Being in a ‘zone blanche’, one where there is very limited mobile connectivity, we weren’t able to call our phone provider (SFR) and let them know. We decided to go to Sizun as we knew we could both call SFR and complain to the Marie at the same time. SFR seemed to be fairly efficient this time and told us they would send an engineer on Saturday afternoon (of course no one turned up) and, while the Marie told us they had contacted the phone company, they didn’t seem too motivated to assist any of us get back online.
I was back to visiting a neighbour twice a day to download mails over the weekend and, thankfully, we were reconnected on Monday.
In that week we also had the first piece of work done in preparation for the revamp of Priory next year. At present, Priory’s electricity supply is the same as our own house, Hayloft and Stable. We want to provide it with an independent supply so, in a piece of joined-up work that was probably more coincidence that planned, Enedis (the power company) did the digging required to install a new box behind Granary last week before the road gets resurfaced. They will be back to make the relevant connections next week.
It has gone behind Granary as this is the closest point within our boundary. We will then have to dig the trench and install the cable to Priory as part of the work we will be doing next year.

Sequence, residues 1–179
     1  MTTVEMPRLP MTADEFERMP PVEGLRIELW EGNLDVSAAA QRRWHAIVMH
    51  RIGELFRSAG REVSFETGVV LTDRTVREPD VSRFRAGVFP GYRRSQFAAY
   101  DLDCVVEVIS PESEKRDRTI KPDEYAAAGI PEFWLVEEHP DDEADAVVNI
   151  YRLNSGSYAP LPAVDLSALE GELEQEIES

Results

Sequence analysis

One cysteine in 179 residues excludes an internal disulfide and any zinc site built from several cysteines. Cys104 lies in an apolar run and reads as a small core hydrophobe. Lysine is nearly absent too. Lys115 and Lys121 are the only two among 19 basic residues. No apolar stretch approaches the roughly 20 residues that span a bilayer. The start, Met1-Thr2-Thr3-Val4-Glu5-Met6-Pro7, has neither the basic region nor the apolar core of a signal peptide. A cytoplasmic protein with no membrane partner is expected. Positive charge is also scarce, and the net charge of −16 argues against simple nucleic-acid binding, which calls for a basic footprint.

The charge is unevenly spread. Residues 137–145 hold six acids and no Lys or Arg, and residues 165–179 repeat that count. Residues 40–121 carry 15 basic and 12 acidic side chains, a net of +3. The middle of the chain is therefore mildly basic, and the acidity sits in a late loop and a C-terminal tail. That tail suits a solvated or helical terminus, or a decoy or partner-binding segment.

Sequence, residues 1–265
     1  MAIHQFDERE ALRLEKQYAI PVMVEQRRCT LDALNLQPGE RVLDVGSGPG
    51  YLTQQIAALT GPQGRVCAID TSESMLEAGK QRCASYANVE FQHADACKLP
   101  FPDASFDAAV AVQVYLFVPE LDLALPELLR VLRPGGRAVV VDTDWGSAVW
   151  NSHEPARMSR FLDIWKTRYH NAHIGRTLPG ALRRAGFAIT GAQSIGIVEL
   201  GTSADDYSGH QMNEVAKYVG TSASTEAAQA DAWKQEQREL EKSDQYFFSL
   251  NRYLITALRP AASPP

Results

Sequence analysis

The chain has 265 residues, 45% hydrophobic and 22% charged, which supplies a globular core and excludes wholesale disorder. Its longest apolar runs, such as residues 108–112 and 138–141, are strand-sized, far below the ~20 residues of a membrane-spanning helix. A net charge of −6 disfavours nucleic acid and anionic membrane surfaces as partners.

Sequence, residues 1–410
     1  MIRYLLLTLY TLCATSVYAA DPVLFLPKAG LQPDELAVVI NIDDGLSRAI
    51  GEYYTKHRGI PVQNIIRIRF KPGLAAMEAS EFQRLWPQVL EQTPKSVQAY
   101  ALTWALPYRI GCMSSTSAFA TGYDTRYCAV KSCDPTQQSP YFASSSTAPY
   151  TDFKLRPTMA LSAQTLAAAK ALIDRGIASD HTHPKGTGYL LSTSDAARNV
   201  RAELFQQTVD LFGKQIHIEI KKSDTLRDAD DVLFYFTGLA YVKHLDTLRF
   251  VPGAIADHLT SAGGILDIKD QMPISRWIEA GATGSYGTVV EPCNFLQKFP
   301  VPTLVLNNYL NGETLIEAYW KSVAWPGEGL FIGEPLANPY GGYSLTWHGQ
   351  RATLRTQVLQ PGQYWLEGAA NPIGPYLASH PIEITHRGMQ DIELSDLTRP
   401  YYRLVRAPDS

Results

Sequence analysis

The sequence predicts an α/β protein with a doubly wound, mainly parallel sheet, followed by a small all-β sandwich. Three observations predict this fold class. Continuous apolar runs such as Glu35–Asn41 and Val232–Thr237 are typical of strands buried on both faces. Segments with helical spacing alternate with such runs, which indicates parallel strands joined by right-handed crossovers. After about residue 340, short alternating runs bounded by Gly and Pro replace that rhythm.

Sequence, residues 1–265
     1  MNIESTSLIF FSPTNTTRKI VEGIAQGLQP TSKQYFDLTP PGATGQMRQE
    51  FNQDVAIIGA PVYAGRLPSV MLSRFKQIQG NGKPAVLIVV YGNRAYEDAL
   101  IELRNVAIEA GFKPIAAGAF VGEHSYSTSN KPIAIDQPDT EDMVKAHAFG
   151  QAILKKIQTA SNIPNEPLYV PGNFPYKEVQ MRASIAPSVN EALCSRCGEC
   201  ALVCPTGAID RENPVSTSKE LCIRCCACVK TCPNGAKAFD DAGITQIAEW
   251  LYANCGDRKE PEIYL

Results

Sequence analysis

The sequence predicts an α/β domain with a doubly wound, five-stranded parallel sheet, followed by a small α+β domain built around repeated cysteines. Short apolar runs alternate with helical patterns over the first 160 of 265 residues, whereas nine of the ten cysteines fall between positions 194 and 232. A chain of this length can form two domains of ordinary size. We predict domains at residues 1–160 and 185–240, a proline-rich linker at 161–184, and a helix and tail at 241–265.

This week the weather has been very autumnal at times and meant that I have had to focus internally. One day was spent almost entirely online updating the agency websites we use to advertise the cottages. Some are very straightforward to amend, others a complete nightmare, and of course, there isn’t some clever piece of software that allows me to make one set of changes that then gets fed to all of these commercial sites. Having spent a day doing this we received a booking through an agency we have used for a couple of years, without much success, for a weekend in November. Maybe a coincidence or perhaps I will need to spend more time in these sites – joy!
I had another constructive day cleaning out our fish tank. When we lived in London, I had a fish tank built for a specific position in our kitchen. As it was made to measure, and quite large, it wasn’t very cheap. I did make an effort to sell it before we came to France but, as we didn’t want to give it away we weren’t successful so it came with us and has stood in our lounge ever since – but not cleaned.
Regrettably it doesn’t, and won’t, match the décor in Kergudon so, I have reluctantly agreed to try and sell it again. To advertise it I have had to clean it out and it looks great again. Hopefully we will be able to sell it but at least we have something more attractive to look at in the meantime. If you know anyone who would like a 500 litre fish tank do let us know …
David’s parents arrived with us this morning after a bumpy crossing and we have been to one of the village’s annual social events – the cochon grillé. The event is to mark the feast of Saint Cadou which is 21st September. In true Saint Cadou style, rather than a religious ceremony and parade as other villages have, we hold a hog-roast so we can eat and drink and socialise. Much better.
Next week’s efforts will very much depend on the weather again and the rugby world cup(!) – although we do hope our local roofer is coming tomorrow as Stable has sprung a leak and all of the lovely work I did in the spring is at risk of getting damaged. Looking at the forecast it doesn’t look great but, in previous year’s, autumn has always been very productive and I do get the feeling that it was about time we started making major changes again!